◆Example 4.7

◆ Assuming 250 working days a year

(0.1529 year ) * 250 = 38.2 days

◆Example 4.7

Original – by EPQ single item Not feasible

31.9

34.3

35

35.6

43.4

49.1

50

3.4

6.5

3.1

4.5

4.0

2.8

1.8

in SPT

7

6

5

4

?

3

2

2

1

72.0

0

10

20

30

40

50

60

70

80

24.3

31.9

44.9

9.9

17.5

60.9

70.6

74.3

48.6

3.4

13

21.5

26.1

37.7

◆Example 4.7

◆ 1 year = 250 days

Original

by Rotation cycle policy

◆Example 4.7

Original

31.9

34.3

35

35.6

43.4

49.1

50

3.4

6.5

3.1

4.5

4.0

2.8

1.8

in SPT

7

6

5

4

3

2

1

0

10

20

30

40

50

60

70

80

24.3

31.9

44.9

9.9

17.5

60.9

74.3

48.6

3.4

13

21.5

26.1

37.7

◆Example 4.7

by Rotation cycle policy

in SPT

# 4

# 7

# 5

# 6

# 3

# 2

# 1

0

5

10

15

20

25

30

40

50

60

22.9

47

50.6

61.1

38.2

8.8

12.4

43

49.2

57.8

4.8

11

19.6

26.5

T* = 38.2

If including setup time sj :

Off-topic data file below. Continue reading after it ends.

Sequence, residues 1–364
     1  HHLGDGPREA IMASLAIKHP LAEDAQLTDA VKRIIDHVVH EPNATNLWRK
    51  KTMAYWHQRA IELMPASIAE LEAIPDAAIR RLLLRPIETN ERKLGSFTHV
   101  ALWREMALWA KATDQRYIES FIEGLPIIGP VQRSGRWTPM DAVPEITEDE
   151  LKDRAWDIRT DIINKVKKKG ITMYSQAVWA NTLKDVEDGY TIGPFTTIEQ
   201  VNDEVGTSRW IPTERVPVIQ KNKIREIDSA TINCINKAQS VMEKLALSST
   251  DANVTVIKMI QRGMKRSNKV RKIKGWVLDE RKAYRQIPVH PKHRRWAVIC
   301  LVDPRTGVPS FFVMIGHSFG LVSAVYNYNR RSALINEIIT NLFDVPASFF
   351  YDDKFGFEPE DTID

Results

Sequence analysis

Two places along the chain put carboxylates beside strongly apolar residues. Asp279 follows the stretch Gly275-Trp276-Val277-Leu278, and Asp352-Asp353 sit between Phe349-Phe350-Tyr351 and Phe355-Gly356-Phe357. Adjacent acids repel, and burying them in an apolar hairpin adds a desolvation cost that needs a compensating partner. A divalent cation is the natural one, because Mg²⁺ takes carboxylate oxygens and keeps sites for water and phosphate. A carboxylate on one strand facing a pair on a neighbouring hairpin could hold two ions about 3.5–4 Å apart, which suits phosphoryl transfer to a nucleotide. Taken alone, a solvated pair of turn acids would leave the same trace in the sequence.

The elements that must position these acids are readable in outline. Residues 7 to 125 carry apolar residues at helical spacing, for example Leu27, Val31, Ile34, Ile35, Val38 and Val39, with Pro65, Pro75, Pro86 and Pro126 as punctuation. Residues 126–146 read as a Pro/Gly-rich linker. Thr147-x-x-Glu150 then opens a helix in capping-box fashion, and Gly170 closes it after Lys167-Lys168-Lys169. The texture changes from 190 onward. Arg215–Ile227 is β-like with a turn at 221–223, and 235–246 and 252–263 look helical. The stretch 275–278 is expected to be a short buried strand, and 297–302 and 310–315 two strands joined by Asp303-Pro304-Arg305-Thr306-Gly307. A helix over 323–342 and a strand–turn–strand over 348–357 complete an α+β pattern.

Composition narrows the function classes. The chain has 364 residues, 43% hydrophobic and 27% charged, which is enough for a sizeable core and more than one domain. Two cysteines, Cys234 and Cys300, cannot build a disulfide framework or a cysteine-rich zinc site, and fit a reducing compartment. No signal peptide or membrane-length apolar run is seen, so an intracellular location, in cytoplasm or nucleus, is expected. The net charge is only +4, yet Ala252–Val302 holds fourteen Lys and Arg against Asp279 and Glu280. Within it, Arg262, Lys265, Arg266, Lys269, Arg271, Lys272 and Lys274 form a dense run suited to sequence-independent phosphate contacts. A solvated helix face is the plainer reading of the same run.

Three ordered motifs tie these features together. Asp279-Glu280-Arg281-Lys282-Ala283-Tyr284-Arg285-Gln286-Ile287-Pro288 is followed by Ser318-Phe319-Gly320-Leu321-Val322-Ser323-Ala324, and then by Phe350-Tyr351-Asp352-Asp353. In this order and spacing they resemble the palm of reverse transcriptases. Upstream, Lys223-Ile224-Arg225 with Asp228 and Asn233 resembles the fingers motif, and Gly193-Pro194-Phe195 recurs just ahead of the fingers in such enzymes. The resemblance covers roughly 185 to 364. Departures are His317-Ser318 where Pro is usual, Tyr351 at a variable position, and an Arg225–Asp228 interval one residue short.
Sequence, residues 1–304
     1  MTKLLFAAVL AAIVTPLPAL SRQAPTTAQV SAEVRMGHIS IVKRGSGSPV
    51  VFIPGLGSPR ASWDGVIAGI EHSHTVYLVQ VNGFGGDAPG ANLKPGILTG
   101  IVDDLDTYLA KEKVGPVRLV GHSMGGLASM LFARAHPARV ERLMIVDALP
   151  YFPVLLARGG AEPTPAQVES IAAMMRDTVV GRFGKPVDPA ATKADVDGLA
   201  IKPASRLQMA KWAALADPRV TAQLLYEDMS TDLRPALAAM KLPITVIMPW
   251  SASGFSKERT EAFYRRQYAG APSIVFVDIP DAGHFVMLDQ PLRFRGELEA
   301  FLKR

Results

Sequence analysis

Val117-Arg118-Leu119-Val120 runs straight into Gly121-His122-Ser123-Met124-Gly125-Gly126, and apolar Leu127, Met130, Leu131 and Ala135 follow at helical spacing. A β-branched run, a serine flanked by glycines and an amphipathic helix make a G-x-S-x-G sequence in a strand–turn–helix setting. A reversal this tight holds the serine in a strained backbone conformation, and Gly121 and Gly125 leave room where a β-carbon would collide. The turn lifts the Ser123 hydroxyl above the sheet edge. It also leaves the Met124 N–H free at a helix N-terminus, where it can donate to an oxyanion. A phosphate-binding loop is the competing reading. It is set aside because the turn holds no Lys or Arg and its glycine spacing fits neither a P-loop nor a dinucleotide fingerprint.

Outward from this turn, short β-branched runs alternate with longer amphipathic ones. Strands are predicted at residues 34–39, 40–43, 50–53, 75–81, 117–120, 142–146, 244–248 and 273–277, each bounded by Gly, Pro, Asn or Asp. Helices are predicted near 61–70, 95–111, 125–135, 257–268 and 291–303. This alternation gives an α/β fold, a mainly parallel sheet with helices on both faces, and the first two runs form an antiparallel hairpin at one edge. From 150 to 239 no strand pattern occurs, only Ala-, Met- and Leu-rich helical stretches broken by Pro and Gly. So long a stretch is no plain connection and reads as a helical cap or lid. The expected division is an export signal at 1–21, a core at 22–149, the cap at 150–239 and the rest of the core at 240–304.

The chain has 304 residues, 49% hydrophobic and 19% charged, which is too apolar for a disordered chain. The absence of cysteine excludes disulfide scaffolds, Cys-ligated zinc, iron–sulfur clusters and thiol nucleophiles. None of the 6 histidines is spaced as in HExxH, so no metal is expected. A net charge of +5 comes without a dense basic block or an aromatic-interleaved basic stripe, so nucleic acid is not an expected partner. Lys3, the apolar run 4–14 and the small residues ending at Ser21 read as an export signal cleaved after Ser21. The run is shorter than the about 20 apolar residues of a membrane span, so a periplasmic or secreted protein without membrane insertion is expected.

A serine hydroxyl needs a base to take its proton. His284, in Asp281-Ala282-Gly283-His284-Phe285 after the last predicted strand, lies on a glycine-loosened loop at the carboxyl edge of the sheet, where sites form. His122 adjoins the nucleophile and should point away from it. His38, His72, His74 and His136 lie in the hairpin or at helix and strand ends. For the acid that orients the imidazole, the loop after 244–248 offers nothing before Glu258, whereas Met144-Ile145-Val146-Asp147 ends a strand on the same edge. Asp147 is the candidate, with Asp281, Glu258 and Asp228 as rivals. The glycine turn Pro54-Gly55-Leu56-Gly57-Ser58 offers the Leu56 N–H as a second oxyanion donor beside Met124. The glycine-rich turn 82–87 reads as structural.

( Let )

◆The optimal solution is to choose the cycle time T

T = max { T* , } if considering

………... [Eq.7]

T = max { 0.1529 , 0.03995 }= 0.1529

Class Note# 3b

§.I.4.9: Home Work Problems

Chapter 4 : ( # 29, 30) pp.219-220

(a) using Rotation Cycle

( # 45 ) pp.227

Preparation Time : 15 ~ 20 minutes

Discussion : 10 ~ 15 minutes

§.I.eg.4.7.1: Class Exercise

“IF there are only 2 products”

Holding costs are based on a 22% annual interest charge

Preparation Time : 15 ~ 20 minutes

Discussion : 10 ~ 15 minutes

◆Example “IF there are only 2 products”

1 year = 250 days

* Data being modified

Original

by Rotation cycle policy

◆Example “IF there are only 2 products”

• By rotation cycle policy T*
• Costs - when using T*

= (1570+2959) + (2258+871)

= (4529) + (3129) = \$7,658